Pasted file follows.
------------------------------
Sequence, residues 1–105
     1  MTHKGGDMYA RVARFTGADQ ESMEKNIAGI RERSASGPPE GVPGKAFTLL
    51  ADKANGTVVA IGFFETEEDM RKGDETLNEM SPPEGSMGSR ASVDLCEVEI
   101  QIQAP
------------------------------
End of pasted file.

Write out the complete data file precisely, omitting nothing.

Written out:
Sequence, residues 1–105
     1  MTHKGGDMYA RVARFTGADQ ESMEKNIAGI RERSASGPPE GVPGKAFTLL
    51  ADKANGTVVA IGFFETEEDM RKGDETLNEM SPPEGSMGSR ASVDLCEVEI
   101  QIQAP